Fluid Cell press critical asset at Robins

  • Published
  • By Jenny Gordon
  • Robins Public Affairs
One of the largest fluid cell presses resides in the 402nd Commodities Maintenance Group's work area in Bldg. 140.

It's a massive machine capable of performing quick, highly-pressurized molding of aircraft parts in need of replacement across the entire Warner Robins Air Logistics Complex.

"The work accomplished here is very important," said Donovan Warren, 573rd Commodities Maintenance Squadron work leader. "When this machine is not in use, it's definitely felt. A lot of things are made that only it can form."

Two rolling tray beds, about 18-feet long by 5-feet wide, are located on either side of the press. The beds can accommodate a part as small as a six-inch rib, all the way to a large JSTARS aircraft skin. Once an appropriate tooling part is covered with a rubber mat on a tray bed, it's rolled away and disappears under what looks like an automated rolling pin.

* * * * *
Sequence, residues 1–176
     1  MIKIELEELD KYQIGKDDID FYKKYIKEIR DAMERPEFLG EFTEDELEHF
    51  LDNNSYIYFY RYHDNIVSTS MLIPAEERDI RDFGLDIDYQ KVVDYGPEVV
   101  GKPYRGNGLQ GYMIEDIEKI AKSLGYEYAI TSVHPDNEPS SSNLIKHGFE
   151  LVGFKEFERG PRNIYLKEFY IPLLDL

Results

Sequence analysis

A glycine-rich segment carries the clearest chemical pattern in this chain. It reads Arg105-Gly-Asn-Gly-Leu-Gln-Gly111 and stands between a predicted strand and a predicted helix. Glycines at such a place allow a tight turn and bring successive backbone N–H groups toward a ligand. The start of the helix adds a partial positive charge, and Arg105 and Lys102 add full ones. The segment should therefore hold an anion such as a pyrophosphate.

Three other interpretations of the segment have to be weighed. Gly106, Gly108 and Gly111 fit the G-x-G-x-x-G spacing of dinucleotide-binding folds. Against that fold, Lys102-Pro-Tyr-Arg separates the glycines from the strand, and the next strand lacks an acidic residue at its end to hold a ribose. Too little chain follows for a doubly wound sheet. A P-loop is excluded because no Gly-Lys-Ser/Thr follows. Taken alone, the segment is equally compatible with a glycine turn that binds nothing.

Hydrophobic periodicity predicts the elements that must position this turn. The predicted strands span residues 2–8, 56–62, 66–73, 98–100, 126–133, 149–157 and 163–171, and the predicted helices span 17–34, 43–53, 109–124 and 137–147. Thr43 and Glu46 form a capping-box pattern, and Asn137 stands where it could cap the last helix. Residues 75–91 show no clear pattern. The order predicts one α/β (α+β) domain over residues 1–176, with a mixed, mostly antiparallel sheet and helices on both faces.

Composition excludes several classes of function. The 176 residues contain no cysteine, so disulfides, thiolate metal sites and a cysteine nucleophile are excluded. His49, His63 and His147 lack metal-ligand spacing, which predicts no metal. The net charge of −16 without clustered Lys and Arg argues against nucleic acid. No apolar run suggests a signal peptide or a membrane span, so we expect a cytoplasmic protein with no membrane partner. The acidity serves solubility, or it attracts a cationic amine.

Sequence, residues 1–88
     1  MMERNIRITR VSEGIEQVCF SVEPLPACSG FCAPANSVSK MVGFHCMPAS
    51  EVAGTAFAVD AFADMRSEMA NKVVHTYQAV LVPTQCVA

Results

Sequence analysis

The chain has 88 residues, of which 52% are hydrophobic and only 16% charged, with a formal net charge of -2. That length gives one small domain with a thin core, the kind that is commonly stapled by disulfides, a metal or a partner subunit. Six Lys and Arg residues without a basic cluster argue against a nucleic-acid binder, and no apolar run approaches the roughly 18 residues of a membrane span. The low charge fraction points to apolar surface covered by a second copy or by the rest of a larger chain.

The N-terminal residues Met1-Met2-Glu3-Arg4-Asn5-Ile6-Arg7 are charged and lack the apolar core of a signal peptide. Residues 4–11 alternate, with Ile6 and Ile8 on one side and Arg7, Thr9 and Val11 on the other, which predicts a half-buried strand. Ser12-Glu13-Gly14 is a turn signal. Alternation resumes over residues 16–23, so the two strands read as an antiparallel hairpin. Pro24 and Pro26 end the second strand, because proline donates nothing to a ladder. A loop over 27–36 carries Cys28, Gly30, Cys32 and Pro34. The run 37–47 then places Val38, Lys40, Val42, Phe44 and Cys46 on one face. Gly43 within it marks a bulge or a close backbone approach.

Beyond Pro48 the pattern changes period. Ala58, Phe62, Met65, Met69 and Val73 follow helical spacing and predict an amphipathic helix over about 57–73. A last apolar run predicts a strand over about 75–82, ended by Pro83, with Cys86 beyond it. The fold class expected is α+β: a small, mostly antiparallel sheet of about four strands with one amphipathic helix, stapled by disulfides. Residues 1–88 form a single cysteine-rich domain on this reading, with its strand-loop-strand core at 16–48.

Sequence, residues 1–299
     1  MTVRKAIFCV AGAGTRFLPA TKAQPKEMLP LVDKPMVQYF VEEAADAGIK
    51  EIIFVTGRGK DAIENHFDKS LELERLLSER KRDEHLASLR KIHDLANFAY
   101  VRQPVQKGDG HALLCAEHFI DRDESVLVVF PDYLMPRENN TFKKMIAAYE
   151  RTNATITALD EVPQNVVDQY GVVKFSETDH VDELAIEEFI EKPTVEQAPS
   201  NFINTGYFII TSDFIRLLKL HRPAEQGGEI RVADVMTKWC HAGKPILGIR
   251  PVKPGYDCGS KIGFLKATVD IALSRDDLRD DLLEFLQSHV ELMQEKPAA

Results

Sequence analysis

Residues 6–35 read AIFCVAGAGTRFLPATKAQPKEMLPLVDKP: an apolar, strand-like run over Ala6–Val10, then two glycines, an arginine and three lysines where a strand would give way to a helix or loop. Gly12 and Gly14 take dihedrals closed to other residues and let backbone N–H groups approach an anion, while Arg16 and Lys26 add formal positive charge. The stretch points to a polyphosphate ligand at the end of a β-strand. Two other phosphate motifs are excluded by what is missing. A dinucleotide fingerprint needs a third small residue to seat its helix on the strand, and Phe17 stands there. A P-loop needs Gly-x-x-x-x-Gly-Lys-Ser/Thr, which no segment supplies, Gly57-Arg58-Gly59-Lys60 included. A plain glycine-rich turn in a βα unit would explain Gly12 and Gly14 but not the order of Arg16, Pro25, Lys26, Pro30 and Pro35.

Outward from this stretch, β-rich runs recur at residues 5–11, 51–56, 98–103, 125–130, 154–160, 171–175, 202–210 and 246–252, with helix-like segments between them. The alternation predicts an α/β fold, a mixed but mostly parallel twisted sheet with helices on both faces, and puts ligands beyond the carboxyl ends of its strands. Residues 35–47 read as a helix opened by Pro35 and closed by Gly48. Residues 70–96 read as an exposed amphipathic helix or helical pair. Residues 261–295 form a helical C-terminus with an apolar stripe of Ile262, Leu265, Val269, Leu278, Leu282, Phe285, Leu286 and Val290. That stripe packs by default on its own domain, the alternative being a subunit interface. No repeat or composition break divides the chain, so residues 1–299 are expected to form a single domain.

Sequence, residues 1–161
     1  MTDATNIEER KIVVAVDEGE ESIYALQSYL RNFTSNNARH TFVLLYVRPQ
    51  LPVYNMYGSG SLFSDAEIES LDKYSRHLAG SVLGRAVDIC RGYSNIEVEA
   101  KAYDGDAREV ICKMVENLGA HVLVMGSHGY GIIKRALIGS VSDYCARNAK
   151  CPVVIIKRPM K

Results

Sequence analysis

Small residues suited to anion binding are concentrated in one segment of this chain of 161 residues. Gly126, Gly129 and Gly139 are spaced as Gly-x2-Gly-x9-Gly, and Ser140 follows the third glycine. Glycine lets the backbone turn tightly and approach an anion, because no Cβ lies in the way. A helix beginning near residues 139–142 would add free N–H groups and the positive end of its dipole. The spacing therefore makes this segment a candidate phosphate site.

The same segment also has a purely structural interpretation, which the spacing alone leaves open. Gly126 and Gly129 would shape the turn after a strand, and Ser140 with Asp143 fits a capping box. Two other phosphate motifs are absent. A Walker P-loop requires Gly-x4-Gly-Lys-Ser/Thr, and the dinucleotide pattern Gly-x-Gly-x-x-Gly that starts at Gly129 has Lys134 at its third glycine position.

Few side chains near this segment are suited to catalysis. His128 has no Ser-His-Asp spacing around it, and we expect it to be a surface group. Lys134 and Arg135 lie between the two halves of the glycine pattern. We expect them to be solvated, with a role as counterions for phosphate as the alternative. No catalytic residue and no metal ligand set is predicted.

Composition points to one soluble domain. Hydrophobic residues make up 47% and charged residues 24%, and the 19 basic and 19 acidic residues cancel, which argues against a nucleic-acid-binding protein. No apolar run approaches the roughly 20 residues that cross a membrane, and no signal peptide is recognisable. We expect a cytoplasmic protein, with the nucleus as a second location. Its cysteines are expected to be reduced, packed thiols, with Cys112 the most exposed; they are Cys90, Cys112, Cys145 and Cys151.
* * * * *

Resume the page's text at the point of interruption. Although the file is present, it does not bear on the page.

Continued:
"The mat lies between each part. Basically it conforms to the shape of the mold," said Warren.

What you can't see from the outside is a large, soft rubber bladder filled with highly-pressurized fluid that presses flat metal blanks around the tool, molding a brand new part in a very short amount of time using 20,000 pounds of pressure.

"It forms parts under pressure using hydraulic oil," said Warren. "It rolls inside, pressurizes, the bladder comes down, and when it decompresses, it comes out."

Depending on a part's thickness, the cycle time inside the press can be anywhere from a few seconds to a minute and a half. Thousands of parts are manufactured each year.

Once the process is complete, the part makes its way down the line to be treated and cleaned, eventually making its way to its final destination.